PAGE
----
Small Business Brief


Dirty Work: Common Causes of Mold in the Workplace and How to Prevent It

Mold in the workplace can mean serious legal trouble or expensive repairs. As an employer, there are some signs you can look for to prevent mold from getting out of hand. Do you know what they are? And do you know how to prevent it? Keep reading to find out. 

Signs of Mold in the Workplace

There are a few things you may start to notice around the office or store that could indicate a mold problem. Keep an eye out for these things to help save you from headaches down the road. 

Allergies: People are going to sneeze occasionally, that’s a given. But when you start to hear reports of itchy or watery eyes or irritated throats and nasal passageways, you might want to start paying attention.

The common cold comes and goes, but mold allergies will happen day after day. 

Asthma: The office or store shouldn’t be a place where people lose their breath. it’s not like you’ll have staff doing cardio or anything. So if you start to hear reports of shortness of breath…pay attention.

Asthma suffers will experience breathing irregularities in moldy environments. These experiences can be anything from chest tightening, coughing, wheezing, and other shortness of breath related issues. 

Hypersensitivity Pneumonitis: Also known as HP, this disease can reveal mold problems too. 

Hypersensitivity Pneumonitis is when dust, mold, or fungus particles enter air passageways and cause lung inflammation. This can then result in bad coughs or wheezing, much like asthma. This disease can be treated with antibiotics, but as an employer, you’ll want to take out the source of the problem not put a bandaid on it. 

Preventing Mold in the Workplace

Now that you know what to look for, here’s what you can do about it. 

According to OSHA, “The key to mold prevention is moisture control.” Mold only needs two things to grow: moisture and oxygen.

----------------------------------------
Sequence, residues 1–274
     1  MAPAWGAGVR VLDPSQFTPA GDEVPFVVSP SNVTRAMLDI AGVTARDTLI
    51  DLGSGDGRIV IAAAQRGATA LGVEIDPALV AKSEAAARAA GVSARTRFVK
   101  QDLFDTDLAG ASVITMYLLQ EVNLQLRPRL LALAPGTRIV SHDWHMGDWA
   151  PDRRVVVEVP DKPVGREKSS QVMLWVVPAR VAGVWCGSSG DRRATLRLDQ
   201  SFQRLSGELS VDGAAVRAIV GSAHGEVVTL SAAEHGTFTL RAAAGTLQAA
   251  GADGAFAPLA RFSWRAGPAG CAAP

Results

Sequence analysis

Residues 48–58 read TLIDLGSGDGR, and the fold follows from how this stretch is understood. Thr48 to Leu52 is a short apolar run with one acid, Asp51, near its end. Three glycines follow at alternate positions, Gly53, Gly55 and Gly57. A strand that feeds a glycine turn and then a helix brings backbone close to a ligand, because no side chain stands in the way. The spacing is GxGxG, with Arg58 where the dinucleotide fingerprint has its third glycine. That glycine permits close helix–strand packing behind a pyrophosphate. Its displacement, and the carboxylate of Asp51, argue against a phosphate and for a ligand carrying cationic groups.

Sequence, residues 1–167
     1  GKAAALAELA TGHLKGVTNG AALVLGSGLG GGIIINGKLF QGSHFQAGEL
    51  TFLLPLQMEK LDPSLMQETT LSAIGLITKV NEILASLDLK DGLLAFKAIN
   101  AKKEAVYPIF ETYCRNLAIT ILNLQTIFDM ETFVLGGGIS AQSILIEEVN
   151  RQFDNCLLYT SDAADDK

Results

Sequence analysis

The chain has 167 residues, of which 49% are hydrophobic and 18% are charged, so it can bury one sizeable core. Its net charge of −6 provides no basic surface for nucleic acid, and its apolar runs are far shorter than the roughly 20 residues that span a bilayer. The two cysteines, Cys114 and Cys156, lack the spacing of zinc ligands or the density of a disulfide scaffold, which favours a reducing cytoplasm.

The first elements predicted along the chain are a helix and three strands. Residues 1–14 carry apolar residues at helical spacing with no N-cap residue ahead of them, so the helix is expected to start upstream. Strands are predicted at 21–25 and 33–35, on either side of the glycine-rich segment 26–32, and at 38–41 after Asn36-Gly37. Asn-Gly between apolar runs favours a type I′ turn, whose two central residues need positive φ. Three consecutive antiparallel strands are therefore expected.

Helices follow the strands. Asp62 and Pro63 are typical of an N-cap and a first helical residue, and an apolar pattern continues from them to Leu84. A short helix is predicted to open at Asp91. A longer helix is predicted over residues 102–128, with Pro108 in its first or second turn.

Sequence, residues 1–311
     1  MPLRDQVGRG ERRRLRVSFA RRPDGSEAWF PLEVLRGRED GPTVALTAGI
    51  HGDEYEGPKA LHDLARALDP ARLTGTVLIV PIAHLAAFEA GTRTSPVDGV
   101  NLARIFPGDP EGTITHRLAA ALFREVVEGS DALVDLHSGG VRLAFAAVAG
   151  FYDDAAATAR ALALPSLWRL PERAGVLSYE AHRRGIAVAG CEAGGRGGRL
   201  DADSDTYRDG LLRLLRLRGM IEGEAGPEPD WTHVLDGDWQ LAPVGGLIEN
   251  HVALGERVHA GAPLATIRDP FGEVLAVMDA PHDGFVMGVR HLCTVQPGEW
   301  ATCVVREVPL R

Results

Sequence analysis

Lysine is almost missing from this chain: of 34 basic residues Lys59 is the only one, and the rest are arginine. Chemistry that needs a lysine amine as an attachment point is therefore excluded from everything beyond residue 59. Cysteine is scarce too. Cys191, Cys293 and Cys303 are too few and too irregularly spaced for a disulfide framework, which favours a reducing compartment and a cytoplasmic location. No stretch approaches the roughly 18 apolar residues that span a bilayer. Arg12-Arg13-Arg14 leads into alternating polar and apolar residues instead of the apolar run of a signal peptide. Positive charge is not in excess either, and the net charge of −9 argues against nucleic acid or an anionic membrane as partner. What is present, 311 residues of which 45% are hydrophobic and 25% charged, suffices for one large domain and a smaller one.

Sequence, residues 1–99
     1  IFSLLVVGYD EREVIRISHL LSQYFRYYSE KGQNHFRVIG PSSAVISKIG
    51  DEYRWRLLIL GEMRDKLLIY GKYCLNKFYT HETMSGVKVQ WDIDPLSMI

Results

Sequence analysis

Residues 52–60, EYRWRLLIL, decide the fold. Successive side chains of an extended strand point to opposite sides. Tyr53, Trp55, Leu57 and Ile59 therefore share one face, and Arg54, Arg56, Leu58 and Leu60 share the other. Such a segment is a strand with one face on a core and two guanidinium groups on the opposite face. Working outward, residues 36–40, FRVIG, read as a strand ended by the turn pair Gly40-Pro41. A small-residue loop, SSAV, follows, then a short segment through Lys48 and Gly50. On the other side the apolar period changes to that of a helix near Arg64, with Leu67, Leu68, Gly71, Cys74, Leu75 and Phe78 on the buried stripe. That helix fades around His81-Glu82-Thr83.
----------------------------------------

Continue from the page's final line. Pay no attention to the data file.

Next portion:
What that means for employers is that any area’s where water spills, leaks, faulty equipment, or improper drainage is happening, mold can spread. 

A key example we like to use is the staff room coffee pot.

If you have a coffee maker in the workplace, make sure it’s surroundings get cleaned regularly. The steam and water spills from making coffee can build up over time, creating mold. 

Below we have a quick list of other things to watch out for: 

  • Leaky pipes, windows, and doors
  • Building with wet materials
  • Light flooding (and heavy flooding, of course)
  • Building slopes (watch for water getting underneath your foundation.) 

All of the hazards can be taken care of, and doing so early will save you tons of money down the road. 

What to Do When Mold Strikes

Mold can be in any building. Even your home. We’ve done some research on household mold if you want more info.

If someone is experiencing health problems due to mold, make sure that area is sectioned off until treated. 

We recommend checking with your insurance company to find out what sort of coverage you will have for reconstructing or treating an area. 

If you or a staff member are experiencing health problems due to a mold-related issue, we recommend contacting your respected doctors immediately. 

More on Mold

If you’re looking for more information on mold in the workplace or what to do about mold-related issues, head on over to our forum where we’ve got tons of legal content and advice for small businesses. 

If you don’t see something there that you’re looking for, feel free to reach out and contact us. We’re happy to help your small business be the best that it can be!